The correlations between these variables and efforts towards strengthening local institutions in forest management were examined through analysis with SmartPLS of forest land-use groups in the Bengkalis regency. The results show that formal institutions alone are less effective in the sustainable management of local resources [61] because they are typically designed for a particular purpose [52]. This is not to say that formal institutions are not at all needed but that, on their own, they are not the solution to the complex problems of forest management. They need to be adaptable and dynamic and the formal institutions need other informal institutions that temper, regulate, oversee, and monitor their behaviour through norms and citizen involvement. For this, civil society institutions and other forms of local deliberative forums are crucial. This argument needs further support through thorough studies [14,24,32]. Local self-organization was also found to be a useful means to solve the common resources issue and enhance natural resources utilization.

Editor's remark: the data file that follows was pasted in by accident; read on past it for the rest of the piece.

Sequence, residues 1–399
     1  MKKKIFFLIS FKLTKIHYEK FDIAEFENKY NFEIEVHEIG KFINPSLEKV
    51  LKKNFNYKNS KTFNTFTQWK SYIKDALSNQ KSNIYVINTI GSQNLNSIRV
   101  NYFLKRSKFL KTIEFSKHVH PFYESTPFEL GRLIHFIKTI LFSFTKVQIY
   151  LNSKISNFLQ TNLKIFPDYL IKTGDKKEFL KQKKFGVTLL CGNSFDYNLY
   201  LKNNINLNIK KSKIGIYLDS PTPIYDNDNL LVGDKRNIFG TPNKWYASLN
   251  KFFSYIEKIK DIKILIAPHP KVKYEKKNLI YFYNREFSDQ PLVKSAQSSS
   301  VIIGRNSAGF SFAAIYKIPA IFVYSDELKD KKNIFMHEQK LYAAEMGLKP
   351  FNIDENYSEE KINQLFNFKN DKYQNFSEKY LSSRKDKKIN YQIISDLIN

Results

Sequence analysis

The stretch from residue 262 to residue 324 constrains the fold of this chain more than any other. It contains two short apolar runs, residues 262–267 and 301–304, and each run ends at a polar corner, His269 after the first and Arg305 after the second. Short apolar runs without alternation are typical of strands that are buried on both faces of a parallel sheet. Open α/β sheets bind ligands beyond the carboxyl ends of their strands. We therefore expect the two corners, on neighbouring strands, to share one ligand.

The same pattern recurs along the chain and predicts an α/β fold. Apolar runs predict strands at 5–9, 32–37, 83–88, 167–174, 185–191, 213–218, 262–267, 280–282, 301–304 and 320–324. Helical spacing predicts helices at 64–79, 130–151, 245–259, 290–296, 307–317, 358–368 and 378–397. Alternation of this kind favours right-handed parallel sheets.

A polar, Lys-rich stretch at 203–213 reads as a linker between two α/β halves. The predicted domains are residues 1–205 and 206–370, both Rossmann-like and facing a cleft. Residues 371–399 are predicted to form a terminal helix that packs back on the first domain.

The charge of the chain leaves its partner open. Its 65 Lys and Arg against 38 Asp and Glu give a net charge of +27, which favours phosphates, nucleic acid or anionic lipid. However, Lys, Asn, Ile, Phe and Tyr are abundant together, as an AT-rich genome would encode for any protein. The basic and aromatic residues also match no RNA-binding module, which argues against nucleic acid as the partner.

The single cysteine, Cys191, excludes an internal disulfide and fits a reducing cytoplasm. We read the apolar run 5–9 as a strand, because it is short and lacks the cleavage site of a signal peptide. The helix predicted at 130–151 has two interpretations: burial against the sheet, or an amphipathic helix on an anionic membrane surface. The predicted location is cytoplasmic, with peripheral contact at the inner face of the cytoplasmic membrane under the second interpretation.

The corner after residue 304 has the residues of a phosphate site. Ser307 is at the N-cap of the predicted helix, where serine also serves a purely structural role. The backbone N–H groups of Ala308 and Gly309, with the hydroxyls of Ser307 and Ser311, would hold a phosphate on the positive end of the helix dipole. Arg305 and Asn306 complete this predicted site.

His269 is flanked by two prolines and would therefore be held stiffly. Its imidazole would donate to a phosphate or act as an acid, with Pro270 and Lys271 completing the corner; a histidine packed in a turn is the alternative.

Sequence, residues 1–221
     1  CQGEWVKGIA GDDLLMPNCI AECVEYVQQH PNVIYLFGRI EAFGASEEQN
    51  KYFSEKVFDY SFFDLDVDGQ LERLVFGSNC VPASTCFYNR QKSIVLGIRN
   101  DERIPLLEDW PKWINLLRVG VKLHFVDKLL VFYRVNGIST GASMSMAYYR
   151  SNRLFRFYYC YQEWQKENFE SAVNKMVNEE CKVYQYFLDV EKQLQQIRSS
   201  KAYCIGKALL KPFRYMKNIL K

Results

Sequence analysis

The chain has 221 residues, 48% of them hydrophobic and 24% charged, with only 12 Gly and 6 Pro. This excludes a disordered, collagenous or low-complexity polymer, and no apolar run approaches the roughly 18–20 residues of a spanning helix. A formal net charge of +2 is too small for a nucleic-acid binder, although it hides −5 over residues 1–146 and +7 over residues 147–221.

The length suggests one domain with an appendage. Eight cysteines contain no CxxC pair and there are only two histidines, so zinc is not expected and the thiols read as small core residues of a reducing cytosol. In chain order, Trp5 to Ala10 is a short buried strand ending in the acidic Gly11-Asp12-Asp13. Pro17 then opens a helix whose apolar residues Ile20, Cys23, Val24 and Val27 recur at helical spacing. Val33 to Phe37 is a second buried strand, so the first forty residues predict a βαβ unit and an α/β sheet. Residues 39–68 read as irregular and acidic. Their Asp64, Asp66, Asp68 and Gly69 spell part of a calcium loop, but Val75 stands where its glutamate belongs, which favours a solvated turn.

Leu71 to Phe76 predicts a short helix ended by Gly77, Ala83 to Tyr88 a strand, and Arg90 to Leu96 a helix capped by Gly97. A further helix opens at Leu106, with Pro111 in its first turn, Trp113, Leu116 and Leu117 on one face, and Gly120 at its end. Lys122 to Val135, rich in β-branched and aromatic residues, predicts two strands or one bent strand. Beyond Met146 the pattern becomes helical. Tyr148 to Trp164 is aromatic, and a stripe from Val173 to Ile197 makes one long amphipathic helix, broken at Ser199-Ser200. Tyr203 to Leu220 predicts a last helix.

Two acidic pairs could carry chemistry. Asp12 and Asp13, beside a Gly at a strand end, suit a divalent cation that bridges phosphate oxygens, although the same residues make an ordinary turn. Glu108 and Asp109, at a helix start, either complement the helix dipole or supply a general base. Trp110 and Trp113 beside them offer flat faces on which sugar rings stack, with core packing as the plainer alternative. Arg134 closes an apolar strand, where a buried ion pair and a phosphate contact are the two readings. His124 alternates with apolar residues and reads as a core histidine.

Furthermore, it is important to understand the concept of local institutions in terms of disentangling institutional features, such as the lack of government recognition of the two-way relationship between institutions and natural resource management, which is reflected in their weak role in forest management. The importance of appropriate institutions in empowering local communities to reduce threats and improve forest conditions has also been emphasised [62]. However, a standard approach was used to measure local institutions with different variations observed in the results, ranging from variables with significant correlations to those with none, See Figure 4.